Appeals and litigation may arise when the IRS or Comptroller of Maryland performs an audit, sends an assessment, starts collection action against you for unpaid taxes, or denies a claim for a tax refund, and you disagree with the findings, causing a tax controversy.
A tax controversy can arise for individuals, businesses, estates, and trusts. Also, tax controversies can result from any form of taxation, including federal and state income taxes, estate and gift tax, or state sales and use tax. In some circumstances, taxpayers need to initiate a case to claim a tax refund. However, most of the time, the tax controversy will be initiated by the IRS or Comptroller of Maryland as a direct result of an audit, assessment, or collection.
If you disagree with the denial of a refund or outcome of an audit, assessment, or collection, you have options. You have the right to appeal the decision as part of the administrative appeals process or to present your case in court.
If you dispute an audit, assessment, or collection action by the IRS or Comptroller of Maryland, they both have an administrative appeals process. If an administrative appeal is the right course of action for your circumstances, it can help you reach a desirable resolution faster and without the costly expense of a trial.
Administrative appeal hearings with the IRS Appeals Division can be conducted over the phone, in the mail, or in person. The IRS has several types of administrative appeals including: collection appeals, examination appeals, and specialized exam programs and referrals. Which appeal you file depends on your circumstances, including what type of penalty you need to appeal, timing, prior appeal opportunity, and whether or not you want to maintain your right to further appeal to tax court if you disagree with the outcome of the administrative appeal hearing. It is important you understand the risks and where you stand the greatest chance of getting your best possible outcome before filing an appeal.
Similar to the IRS process, if you have been assessed Maryland taxes or denied a claim to a refund, you may request an administrative appeal to be heard before an administrative hearing officer from the Hearings and Appeals Section of the Comptroller's Compliance Division. Unlike the IRS administrative appeals process, you or your representative must attend the informal hearing in person. If you disagree with the final determination by the hearing officer, the decision can be appealed to the Maryland Tax Court.
If you disagree with the outcome of the administrative appeals process or if filing your case directly in court is the best strategy for your circumstances, you may find yourself involved in litigation to resolve your tax controversy. Litigation, used effectively, can protect your interests and get you the best outcome.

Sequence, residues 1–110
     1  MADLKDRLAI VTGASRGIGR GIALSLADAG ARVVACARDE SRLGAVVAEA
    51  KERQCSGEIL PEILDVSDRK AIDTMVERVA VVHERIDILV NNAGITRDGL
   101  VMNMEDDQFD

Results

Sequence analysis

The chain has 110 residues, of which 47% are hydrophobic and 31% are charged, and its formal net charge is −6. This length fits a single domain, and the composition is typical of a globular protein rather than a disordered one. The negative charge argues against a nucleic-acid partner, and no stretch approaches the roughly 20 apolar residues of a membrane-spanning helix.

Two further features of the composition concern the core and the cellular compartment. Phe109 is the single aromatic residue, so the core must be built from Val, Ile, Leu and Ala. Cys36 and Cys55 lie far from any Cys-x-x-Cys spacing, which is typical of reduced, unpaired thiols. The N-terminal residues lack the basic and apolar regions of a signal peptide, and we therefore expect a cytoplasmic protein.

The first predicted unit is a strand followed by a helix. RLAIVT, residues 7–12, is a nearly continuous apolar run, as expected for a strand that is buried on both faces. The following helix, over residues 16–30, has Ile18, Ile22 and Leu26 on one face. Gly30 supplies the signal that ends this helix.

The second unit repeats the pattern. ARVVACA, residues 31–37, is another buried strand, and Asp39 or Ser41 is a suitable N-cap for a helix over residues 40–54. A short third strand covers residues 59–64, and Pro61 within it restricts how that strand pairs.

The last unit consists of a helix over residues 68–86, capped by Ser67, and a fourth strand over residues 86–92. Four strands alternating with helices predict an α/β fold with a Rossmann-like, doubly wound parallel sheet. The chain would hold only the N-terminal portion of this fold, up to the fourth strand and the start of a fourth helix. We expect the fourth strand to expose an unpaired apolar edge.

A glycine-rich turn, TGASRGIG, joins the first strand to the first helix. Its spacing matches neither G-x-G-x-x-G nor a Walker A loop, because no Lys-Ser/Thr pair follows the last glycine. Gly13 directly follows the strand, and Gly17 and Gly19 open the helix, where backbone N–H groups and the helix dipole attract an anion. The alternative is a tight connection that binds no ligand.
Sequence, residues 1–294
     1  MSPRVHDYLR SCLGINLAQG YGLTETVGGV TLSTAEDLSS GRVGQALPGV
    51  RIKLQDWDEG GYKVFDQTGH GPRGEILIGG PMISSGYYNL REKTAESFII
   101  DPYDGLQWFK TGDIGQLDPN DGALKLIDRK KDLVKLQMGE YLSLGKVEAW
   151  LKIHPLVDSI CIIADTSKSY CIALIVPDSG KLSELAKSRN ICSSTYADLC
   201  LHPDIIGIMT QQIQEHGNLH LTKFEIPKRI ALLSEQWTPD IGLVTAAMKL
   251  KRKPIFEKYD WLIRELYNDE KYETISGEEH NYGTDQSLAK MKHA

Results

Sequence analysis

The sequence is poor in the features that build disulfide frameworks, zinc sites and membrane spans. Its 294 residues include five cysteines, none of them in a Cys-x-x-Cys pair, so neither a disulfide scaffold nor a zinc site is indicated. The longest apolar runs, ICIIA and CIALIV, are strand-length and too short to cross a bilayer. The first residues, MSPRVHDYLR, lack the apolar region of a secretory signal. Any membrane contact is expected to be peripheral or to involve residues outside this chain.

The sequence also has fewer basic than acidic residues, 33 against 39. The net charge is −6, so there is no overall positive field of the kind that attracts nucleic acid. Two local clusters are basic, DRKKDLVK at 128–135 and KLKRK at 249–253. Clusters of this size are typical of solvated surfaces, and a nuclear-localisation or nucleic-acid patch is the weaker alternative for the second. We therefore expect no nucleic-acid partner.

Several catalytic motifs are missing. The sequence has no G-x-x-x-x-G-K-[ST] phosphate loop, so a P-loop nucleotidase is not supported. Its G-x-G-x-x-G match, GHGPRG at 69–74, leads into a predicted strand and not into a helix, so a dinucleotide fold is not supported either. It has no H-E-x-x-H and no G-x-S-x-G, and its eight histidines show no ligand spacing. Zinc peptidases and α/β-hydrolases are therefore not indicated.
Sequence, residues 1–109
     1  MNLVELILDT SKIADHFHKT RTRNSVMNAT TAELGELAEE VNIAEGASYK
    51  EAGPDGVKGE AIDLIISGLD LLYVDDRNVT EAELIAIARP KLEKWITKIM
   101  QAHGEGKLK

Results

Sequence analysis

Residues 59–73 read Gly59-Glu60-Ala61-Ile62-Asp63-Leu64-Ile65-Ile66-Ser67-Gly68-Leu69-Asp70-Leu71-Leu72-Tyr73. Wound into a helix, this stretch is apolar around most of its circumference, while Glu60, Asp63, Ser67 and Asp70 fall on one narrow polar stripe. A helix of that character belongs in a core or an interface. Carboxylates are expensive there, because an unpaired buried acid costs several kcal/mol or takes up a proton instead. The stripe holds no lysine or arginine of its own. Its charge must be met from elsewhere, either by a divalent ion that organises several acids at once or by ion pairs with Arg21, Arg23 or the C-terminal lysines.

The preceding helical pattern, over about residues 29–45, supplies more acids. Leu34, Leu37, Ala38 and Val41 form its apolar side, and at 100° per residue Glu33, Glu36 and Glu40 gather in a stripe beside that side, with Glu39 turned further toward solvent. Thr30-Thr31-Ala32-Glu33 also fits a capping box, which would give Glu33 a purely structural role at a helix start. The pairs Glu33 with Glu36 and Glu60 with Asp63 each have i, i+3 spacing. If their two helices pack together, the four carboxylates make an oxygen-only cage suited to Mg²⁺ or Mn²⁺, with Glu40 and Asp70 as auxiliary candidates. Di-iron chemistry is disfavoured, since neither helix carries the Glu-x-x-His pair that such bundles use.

Litigation arises in several circumstances, such as:
Where to Litigate an IRS Tax Issue
Cases involving tax issues with the IRS are filed in the United States Tax Court, federal district courts, or Court of Federal Claims. Where your case is filed will depend on the court that will give you the best outcome and the strategies and circumstances of your case. Appeals of decisions by these courts then can be made to the U.S. Courts of Appeals or Federal Circuit, depending on which lower court the appeal came from, and can rise all the way to the Supreme Court of the United States, if certiorari is granted.
Where to Litigate a Maryland Tax Issue
Cases involving tax issues with the Comptroller of Maryland are filed in Maryland Tax Court. Appeals of these decisions are made to the circuit courts, then to the Court of Special Appeals, and finally to the Court of Appeals, if review is granted.
Tax litigation can feel daunting. But, with the assistance of an experienced tax attorney, it can be a strategic step to getting you the best outcome in order to protect your financial interests.
Resolving a tax controversy may involve conversations with the IRS or Comptroller of Maryland, a written appeal and discussions with the Appeals Office, or litigation in the United States Tax Court, federal district courts, Court of Federal Claims, or state courts. Sometimes, taxpayers just cannot avoid litigation for tax controversies. Also, once a tax controversy has been litigated, if a taxpayer disagrees with the decision they may choose to appeal the decision to a higher court.
If you are facing litigation involving a tax controversy, it is important to contact an experienced tax attorney immediately. Time is working against you, and you need to make sure you give your attorney time to prepare. If you put it off too long, the statute of limitations may run out giving you fewer options.
If you want to dispute an action by the Maryland tax authorities or the IRS, contact Jim Liang. Jim has extensive experience in tax law and tax procedure and provides expert legal representation in court proceedings. Jim will:
✓ Negotiate an agreement, if possible, to avoid the cost of litigation
✓ If litigation is necessary, pursue the best pre-trial settlement possible
✓ Present your strongest case to the court, if needed
Schedule an appointment with Jim today to review your options and best strategies.